WICHITA, Kansas – There is now a trial date set to get voting results tested in Sedgwick County.
Local Certified Quality Engineer Beth Clarkson is suing Sedgwick County Elections Commissioner, Tabitha Lehman. Clarkson wants to find out if there could be election fraud in Sedgwick County. Or, possible problems with the electronic voting machines.
“I’m really concerned that our voting system has been undermined by these voting machines,” says Clarkson. “And I think we’ve got to do something about it if that’s the case.”
Clarkson wants an anonymous sample of the paper tapes that tabulate elections results. She says there are statistical anomalies with the electronic voting machines.
Secretary of State Kris Kobach was part of the lawsuit. But at a hearing before a judge on Monday, Kobach was dropped from the lawsuit.
Attorney Randy Rathbun is representing Clarkson in the lawsuit that was updated this week. Rathbun says Elections Commissioner Lehman is the proper entity to sue to get access to a sampling of paper tapes that tabulate results. In Sedgwick County, there is a paper trail kept in conjunction with the electronic machines that tabulate results.
“Why did I get involved? It was an easy decision for me,” says Rathbun. “I think when we go to bed on election night and I don’t care what party you’re in, we just feel like we have to have confidence that the voting machines are actually printing out what actually happened,” says Rathbun. “And so, to me, it was clearly a matter of transparency.”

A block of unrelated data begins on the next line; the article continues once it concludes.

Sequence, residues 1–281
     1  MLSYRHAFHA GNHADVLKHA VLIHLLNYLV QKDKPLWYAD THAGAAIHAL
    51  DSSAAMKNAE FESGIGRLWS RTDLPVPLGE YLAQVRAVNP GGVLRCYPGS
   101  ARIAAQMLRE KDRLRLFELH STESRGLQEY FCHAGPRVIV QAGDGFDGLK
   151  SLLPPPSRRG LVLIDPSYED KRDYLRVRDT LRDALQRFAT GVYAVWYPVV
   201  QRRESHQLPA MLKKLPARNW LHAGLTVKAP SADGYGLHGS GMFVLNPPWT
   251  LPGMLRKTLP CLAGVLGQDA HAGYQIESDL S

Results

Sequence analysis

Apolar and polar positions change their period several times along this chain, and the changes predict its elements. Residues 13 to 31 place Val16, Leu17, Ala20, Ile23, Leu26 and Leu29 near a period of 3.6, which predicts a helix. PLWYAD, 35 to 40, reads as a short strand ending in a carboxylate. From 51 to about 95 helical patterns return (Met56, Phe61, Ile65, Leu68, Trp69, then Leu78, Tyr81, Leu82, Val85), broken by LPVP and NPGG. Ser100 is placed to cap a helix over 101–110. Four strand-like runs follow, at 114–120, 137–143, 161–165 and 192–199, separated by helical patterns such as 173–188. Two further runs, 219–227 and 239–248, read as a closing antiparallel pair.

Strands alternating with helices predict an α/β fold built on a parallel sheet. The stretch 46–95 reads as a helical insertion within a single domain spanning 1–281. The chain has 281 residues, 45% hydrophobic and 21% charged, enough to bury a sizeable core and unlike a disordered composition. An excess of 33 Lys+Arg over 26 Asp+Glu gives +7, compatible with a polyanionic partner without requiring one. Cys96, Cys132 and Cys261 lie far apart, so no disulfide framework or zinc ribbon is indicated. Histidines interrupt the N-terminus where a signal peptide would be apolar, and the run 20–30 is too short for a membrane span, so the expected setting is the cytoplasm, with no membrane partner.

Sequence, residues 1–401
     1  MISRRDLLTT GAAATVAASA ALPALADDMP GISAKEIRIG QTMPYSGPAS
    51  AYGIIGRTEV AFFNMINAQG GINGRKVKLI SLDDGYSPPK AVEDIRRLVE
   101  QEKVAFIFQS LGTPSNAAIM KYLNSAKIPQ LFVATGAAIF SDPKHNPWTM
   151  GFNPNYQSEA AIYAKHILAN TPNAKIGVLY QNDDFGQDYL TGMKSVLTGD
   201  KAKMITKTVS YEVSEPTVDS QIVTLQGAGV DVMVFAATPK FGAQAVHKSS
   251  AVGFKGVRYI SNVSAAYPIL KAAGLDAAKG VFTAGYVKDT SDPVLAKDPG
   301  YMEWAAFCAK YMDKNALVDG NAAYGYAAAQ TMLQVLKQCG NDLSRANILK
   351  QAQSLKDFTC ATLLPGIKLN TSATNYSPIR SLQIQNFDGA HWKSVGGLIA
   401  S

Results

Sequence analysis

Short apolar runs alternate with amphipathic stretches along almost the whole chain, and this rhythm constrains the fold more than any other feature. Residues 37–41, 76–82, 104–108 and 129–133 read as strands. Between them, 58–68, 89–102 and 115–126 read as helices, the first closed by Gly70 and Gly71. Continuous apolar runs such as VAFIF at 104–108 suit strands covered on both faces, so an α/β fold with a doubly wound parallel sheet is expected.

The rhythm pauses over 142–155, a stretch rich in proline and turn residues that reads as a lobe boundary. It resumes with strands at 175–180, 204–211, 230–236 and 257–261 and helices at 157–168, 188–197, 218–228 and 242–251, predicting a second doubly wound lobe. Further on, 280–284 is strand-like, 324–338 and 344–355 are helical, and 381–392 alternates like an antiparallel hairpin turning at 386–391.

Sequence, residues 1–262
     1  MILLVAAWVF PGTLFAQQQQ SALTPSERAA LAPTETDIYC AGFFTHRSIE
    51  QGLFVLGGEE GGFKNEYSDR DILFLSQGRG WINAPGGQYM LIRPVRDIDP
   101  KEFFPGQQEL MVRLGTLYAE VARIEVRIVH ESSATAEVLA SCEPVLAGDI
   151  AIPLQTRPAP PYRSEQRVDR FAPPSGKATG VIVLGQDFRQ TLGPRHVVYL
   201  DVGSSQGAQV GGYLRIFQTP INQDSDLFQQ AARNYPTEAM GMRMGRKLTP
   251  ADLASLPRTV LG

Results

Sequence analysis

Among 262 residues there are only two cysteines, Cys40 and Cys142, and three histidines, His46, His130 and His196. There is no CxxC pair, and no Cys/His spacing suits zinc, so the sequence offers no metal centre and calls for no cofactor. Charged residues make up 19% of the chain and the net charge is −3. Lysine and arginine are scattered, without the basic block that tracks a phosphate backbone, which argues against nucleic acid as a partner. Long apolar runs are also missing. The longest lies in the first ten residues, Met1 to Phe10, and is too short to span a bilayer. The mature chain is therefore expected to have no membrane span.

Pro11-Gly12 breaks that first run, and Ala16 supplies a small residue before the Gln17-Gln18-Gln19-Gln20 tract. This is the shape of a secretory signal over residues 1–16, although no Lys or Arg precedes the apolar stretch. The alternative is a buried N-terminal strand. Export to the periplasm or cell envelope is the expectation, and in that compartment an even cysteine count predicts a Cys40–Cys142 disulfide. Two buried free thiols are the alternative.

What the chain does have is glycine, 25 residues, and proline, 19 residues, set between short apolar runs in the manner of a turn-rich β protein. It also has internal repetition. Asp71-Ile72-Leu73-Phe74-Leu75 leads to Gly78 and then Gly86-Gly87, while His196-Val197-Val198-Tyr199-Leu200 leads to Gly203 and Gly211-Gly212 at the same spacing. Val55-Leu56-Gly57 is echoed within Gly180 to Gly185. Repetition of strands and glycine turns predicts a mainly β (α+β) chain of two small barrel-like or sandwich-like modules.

District Judge Douglas Roth heard from Rathbun and Lehman’s attorney Michael North Monday morning.
Roth set a bench trial date for March 22nd.
Clarkson says she has a lot of experience with audits, and says she only needs an anonymous sampling to see if there are questions surrounding the 2014 elections.
“Well, I checked out the math,” says Clarkson. “And so the math, basically the statistics, read as if someone is manipulating our voting system and I find that very disturbing.”
KSN reached out to Secretary of State Kris Kobach.
“The legislature of Kansas should consider making laws to have audits. I’m a believer in that,” says Kobach. “And I am a firm believer in the rule of law. And the law says that under these circumstances we can’t release these records. And we can’t release the ballots. And the law is crystal clear on this.”
Kobach says he’s asked the state to block the release of voting records in the past for Clarkson’s request.
“So as much as I might like to help this researcher do her research, we have to follow the law,” said Kobach.